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Leeching blood
  1. Richard Keeler,
  2. Arun D Singh,
  3. Aarti Dua,
  4. Harminder S Dua

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Today is the Yesterday of Tomorrow. What is today ‘state of the art’ may tomorrow be relegated to the dustbin of history—hsd

Bloodletting had its day, based largely on the concept of ‘evil humours’ that accumulated in the body and caused disease, when it was widely practised in the early years of organised medicine. Ancient medicine is rife with examples of bloodletting as a means of ‘curing’ a number of conditions including those associated with excessive loss of blood such as nose-bleeds and menorrhagia!! As bloodletting was a ‘surgical’ procedure it was devolved to the barbers who performed this and other interventions. The barber's pole, painted with red and white spiralling stripes, is a relic from the past when it was a symbol of the medical procedures performed by barbers, the red and white stripes representing the bloodied and clean bandages.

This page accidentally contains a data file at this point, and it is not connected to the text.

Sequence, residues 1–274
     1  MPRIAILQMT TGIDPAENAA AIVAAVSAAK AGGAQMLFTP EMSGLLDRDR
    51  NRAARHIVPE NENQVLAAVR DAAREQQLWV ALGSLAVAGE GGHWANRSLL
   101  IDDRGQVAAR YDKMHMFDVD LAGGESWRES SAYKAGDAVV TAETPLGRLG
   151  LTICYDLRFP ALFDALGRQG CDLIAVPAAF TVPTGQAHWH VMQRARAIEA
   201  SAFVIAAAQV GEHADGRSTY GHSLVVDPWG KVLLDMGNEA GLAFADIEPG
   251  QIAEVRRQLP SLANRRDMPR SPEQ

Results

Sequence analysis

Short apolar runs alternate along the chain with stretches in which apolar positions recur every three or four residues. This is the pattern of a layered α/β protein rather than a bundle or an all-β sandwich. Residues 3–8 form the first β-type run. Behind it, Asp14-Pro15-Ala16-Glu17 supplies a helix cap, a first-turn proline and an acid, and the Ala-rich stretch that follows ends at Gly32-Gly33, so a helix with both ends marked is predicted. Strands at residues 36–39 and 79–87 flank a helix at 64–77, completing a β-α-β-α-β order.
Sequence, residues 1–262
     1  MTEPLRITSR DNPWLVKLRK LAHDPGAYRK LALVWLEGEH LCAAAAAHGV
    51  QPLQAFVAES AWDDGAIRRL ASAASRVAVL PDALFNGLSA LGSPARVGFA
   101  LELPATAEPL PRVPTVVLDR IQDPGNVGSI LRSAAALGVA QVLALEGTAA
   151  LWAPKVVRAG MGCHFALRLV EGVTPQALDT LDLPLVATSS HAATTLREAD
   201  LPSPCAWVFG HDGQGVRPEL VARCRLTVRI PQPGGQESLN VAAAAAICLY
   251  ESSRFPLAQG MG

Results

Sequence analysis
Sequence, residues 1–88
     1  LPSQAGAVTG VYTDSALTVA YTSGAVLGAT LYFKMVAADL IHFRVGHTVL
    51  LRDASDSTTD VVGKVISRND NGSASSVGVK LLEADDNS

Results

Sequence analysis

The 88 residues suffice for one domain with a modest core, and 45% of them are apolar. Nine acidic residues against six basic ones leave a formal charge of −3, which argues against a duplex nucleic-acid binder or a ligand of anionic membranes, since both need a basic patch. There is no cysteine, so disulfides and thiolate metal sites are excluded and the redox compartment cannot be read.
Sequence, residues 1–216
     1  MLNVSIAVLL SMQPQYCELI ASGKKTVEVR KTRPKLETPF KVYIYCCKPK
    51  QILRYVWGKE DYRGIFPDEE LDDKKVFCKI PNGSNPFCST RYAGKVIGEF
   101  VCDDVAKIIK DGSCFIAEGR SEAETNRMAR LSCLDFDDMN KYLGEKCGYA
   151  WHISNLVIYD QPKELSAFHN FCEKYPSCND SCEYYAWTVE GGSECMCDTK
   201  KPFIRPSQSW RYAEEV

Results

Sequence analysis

The early history of ophthalmology documents bloodletting, occupying several pages in Galen's manuscripts. Hippocrates, the ‘father of medicine’ in his Hippocratic aphorisms declares bloodletting as one of the main treatments for eye diseases. He says in one short sentence ‘Ocular diseases are cured by drinking …

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  • Competing interests None.

  • Provenance and peer review Commissioned; internally peer reviewed.